The chairman of Hewlett-Packard (HP) is to step down from the role amid criticism for demanding a probe into leaks about the firm made to the media.
Patricia Dunn will resign as chairman of the board in January, but will remain a non-executive director.
She apologised for the unorthodox investigation of other boardmembers, which included hiring undercover consultants who posed as journalists.
Chief executive Mark Hurd will become chairman in the reshuffle.
The US House of Representatives Energy and Commerce Committee has ordered HP to hand over records related to its internal inquiry into boardroom leaks.
California and US authorities have been investigating whether any laws were broken during the investigation.
"I am taking action to ensure that inappropriate investigative techniques will not be employed again," Mr Hurd said.
"They have no place in HP."
In a bid to discover which employee had leaked "confidential" reports to the press, investigators obtained the phone records and other data of journalists and HP employees without their permission.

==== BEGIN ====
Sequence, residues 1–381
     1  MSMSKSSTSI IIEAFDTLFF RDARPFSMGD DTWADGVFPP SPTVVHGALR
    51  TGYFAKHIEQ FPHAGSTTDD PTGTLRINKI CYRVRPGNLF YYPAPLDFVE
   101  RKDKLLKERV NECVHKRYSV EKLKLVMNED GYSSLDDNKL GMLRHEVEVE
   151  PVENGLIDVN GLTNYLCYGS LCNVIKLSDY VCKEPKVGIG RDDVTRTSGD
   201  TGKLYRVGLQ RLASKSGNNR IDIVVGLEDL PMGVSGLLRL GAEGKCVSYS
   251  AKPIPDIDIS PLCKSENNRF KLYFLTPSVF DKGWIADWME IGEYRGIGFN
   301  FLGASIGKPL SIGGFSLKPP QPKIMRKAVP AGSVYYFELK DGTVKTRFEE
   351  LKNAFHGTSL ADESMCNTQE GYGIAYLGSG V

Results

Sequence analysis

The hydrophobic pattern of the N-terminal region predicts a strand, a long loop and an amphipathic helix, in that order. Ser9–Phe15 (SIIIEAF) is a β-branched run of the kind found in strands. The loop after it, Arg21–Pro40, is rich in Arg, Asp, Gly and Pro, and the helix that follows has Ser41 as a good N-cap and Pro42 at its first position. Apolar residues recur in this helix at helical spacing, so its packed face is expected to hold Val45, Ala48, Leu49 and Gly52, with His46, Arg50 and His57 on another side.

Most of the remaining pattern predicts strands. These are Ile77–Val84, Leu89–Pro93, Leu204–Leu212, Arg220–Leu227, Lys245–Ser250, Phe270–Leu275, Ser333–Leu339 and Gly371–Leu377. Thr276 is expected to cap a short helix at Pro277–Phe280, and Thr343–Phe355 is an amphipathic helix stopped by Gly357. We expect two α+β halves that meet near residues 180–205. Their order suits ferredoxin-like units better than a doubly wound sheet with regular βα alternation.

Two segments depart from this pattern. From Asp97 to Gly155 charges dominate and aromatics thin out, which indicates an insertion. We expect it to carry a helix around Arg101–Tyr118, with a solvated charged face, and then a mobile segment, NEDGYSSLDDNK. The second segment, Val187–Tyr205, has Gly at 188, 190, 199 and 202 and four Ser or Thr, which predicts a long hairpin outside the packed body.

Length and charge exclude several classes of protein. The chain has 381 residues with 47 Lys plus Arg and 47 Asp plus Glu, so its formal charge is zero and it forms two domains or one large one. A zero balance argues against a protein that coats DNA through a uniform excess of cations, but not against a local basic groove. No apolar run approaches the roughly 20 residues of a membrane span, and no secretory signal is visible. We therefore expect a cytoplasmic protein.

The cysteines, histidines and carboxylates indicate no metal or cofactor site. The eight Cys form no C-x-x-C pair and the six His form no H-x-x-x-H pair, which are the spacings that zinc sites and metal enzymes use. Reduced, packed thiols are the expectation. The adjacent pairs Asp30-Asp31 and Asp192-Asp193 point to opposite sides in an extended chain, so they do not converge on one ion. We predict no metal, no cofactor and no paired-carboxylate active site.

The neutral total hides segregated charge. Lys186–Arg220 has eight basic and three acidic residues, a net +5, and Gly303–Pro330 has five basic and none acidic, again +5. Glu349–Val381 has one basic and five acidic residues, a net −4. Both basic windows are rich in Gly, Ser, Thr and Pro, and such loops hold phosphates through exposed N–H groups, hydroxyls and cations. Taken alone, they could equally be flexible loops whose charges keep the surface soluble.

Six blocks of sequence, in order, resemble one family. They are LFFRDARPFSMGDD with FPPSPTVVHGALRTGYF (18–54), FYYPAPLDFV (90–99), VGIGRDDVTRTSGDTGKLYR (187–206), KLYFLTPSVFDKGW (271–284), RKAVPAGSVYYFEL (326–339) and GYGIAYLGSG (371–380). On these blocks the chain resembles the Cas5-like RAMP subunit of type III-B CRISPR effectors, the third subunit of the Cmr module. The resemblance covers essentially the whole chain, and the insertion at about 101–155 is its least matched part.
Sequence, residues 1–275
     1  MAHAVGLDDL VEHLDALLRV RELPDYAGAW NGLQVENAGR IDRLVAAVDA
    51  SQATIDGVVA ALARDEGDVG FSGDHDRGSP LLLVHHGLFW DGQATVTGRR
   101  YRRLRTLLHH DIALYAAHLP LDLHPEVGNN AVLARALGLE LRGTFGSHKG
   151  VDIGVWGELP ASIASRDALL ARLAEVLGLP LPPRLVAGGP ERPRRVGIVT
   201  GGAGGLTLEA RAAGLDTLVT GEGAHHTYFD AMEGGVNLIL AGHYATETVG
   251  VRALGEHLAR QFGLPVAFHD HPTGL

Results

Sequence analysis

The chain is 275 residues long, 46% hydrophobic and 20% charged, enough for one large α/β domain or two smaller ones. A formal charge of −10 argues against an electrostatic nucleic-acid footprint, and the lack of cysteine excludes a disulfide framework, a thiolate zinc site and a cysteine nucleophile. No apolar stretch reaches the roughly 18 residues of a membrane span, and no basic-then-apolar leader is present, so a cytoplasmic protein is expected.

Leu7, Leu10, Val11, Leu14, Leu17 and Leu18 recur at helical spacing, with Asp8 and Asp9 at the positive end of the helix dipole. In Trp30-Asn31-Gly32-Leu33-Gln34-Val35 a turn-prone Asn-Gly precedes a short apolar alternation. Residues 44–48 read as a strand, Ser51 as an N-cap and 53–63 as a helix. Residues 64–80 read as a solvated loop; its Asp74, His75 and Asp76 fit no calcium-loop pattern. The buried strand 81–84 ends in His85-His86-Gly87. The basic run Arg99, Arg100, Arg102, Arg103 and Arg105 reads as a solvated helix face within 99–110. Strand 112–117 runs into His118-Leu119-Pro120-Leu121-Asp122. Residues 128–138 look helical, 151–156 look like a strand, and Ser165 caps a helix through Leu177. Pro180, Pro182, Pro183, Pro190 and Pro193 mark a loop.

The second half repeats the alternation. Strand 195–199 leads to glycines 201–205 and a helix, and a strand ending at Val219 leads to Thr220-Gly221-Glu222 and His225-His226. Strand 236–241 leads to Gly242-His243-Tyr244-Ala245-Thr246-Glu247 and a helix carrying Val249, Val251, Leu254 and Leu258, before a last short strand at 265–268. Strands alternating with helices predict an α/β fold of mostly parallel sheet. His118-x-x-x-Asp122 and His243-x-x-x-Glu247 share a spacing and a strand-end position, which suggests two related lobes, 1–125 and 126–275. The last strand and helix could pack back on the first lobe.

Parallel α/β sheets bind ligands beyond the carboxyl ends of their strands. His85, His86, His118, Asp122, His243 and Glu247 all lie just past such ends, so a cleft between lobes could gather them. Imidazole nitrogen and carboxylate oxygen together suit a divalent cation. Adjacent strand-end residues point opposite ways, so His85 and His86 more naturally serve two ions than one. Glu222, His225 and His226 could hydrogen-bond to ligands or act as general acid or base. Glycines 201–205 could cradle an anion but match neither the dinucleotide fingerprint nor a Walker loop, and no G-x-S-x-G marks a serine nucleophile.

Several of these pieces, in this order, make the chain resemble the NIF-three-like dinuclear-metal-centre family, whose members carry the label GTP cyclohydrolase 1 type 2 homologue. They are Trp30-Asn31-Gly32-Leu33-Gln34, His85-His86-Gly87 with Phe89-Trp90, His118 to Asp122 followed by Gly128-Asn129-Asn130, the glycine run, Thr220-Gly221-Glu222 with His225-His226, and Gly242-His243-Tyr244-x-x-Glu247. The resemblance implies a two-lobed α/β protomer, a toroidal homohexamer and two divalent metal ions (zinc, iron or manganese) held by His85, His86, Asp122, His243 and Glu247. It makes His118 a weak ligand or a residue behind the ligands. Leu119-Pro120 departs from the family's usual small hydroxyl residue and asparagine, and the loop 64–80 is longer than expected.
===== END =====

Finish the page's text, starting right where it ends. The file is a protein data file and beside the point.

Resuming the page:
The practice, known as "pretexting", is a common one among private investigators - but tests the limits of California state laws, as prosecutors believe it violates laws covering identity theft and unauthorised access to computer data.
In a statement, Ms Dunn apologised for the techniques used.
"Unfortunately, the investigation, which was conducted with third parties, included certain inappropriate techniques," she said.
"These went beyond what we understood them to be, and I apologize that they were employed."
Last week, Ms Dunn said she had no idea of the tactics to which private investigators would resort, adding she was "appalled" that journalists had been targeted.
Board member George Keyworth was identified as the source of the leak.
Mr Keyworth stated that he had leaked information but refused to step down, despite being asked to.
As a penalty, HP barred him from seeking re-election to the board.